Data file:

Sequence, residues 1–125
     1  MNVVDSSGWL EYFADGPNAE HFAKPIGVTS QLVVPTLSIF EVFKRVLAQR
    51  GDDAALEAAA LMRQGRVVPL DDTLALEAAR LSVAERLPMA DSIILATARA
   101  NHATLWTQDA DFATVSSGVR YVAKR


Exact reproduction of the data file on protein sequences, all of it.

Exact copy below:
Sequence, residues 1–125
     1  MNVVDSSGWL EYFADGPNAE HFAKPIGVTS QLVVPTLSIF EVFKRVLAQR
    51  GDDAALEAAA LMRQGRVVPL DDTLALEAAR LSVAERLPMA DSIILATARA
   101  NHATLWTQDA DFATVSSGVR YVAKR